Depression is more common than you might think. The World Health Organization's latest statistics show that 300 million people worldwide suffer from some type of depression. If that doesn't shock you, then consider this: suicide is currently the 10th most common cause of death in the United States. Point being, a lot of people suffer from depression, and sometimes it can be hard to spot. There are over nine different kinds of clinical depression (learn more here) – major depressive disorder being what we stereotypically think of when we hear the word 'depression' – and although major depressive disorder may arguably be the most well-known, there is another form that rivals in commonality: high-functioning depression. High-functioning depression is different from major depressive disorder in that it is a milder depression that lasts for a long stretch of time. In fact, to be diagnosed with it, this mildly depressed mood has to be present in your life for a minimum of two years.
High-functioning depression is known as persistent depressive disorder (the medical-y term for it is dysthymia), and sometimes individuals afflicted with it to never even realize that they're victim to it. I've had it since I was a kid and just last year got diagnosed, so I would know. The reason it's so hard to spot is because it's insidious. It's mild and (as the name implies) persistent; it can creep into your life so subtly that the symptoms of dysthymia seem to grow into your personality. Then years pass, and you find yourself at a point where you can't remember not feeling the way that you do.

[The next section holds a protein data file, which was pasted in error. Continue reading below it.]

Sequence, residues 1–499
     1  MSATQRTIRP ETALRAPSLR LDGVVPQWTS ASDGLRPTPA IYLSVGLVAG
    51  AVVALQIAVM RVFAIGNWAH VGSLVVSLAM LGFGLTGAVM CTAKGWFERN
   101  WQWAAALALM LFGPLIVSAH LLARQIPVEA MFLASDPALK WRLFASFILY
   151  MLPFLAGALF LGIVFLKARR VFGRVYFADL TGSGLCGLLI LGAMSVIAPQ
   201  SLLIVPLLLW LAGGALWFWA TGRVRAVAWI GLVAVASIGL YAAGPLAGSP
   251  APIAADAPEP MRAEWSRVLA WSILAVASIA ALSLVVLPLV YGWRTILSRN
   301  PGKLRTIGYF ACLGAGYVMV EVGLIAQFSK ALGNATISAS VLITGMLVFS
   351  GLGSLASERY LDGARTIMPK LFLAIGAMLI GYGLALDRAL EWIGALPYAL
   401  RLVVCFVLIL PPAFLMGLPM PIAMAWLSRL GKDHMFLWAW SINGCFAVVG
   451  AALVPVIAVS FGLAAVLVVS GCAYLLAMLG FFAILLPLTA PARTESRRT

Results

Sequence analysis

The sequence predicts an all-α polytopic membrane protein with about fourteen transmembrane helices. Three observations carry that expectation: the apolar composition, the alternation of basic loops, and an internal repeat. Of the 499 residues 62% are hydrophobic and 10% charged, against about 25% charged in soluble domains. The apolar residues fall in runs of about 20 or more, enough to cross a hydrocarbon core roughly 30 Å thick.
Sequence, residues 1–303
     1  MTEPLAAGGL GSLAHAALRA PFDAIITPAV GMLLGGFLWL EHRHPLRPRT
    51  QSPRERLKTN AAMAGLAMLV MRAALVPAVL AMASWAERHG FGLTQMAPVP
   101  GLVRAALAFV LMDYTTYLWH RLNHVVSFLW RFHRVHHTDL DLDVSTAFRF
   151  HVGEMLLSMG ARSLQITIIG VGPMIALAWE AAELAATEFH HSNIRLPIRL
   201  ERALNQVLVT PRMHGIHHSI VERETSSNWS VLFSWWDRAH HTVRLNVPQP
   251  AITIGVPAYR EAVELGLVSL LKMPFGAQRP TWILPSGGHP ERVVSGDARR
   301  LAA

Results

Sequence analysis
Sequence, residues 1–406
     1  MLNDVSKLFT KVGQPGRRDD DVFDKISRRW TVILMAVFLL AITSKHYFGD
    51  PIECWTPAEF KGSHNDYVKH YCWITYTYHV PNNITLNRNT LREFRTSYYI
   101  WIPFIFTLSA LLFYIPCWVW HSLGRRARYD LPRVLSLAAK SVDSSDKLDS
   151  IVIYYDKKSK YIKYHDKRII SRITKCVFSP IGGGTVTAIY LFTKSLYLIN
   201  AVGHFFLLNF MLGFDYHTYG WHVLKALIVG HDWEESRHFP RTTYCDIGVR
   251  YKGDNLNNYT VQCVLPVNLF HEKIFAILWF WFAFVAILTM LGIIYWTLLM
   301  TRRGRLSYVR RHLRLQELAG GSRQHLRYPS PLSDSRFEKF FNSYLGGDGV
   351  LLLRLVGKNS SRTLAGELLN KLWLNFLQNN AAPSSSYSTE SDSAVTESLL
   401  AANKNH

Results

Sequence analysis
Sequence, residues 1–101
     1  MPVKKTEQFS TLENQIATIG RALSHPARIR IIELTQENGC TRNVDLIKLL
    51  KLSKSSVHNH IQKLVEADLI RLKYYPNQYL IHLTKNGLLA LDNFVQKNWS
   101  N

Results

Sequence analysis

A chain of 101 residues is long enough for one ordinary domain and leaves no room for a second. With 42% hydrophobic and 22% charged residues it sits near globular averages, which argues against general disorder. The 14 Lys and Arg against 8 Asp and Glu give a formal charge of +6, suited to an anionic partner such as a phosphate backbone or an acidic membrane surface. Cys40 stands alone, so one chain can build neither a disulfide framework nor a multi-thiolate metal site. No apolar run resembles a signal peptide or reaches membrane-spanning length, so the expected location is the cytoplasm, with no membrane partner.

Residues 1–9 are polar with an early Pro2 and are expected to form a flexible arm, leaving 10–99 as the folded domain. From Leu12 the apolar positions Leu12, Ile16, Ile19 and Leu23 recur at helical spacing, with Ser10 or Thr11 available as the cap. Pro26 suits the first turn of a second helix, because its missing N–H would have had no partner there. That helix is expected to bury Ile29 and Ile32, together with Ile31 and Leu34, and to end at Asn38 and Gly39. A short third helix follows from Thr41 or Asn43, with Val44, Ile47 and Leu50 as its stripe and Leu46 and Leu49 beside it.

So, are you wondering if you have high-functioning depression? Check yourself on these symptoms:
- Loss of interest in daily activities
- Sadness / emptiness / feeling 'down' for no apparent reason
- Tiredness/lack of energy
- Low self-esteem / self-criticism / feeling incapable
- Trouble concentrating
- Trouble making decisions
- Irritability or excessive anger
- Decreased activity and productivity
- Avoidance of social activities
- Feelings of guilt
- Worries over the past
- Poor appetite/overeating
- Sleep problems
If you have five or more of these symptoms (and have had them for over two years), chances are good that you have persistent depressive disorder. If this sounds like you, don't worry. There are a lot of ways to combat dysthymia: eating right, exercise, mood-enhancing supplements (I'd check out Sam-e), prescription medication, and therapy.
If you want to learn a little more about persistent depressive disorder, I recommend checking out this YouTube video.
National Alliance on Mental Health: Get your mental health questions answered!
National Suicide Prevention Lifeline: 1-800-273-8255